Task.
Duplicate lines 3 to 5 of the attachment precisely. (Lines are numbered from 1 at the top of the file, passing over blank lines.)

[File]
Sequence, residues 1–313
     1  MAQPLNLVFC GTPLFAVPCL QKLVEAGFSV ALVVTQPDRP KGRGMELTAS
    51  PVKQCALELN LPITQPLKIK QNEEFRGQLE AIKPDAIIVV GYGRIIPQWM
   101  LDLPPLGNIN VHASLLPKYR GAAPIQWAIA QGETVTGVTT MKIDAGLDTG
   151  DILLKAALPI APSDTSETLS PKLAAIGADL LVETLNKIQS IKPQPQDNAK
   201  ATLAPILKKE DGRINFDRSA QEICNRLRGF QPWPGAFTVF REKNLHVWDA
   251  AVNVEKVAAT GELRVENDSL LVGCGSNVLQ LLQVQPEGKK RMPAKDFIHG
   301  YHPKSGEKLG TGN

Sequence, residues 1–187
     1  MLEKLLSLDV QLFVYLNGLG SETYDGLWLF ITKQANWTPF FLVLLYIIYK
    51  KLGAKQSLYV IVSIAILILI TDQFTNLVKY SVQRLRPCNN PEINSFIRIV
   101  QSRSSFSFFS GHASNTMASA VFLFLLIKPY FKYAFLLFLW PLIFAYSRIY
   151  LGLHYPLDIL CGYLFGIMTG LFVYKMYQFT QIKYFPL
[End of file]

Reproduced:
    51  PVKQCALELN LPITQPLKIK QNEEFRGQLE AIKPDAIIVV GYGRIIPQWM
   101  LDLPPLGNIN VHASLLPKYR GAAPIQWAIA QGETVTGVTT MKIDAGLDTG
   151  DILLKAALPI APSDTSETLS PKLAAIGADL LVETLNKIQS IKPQPQDNAK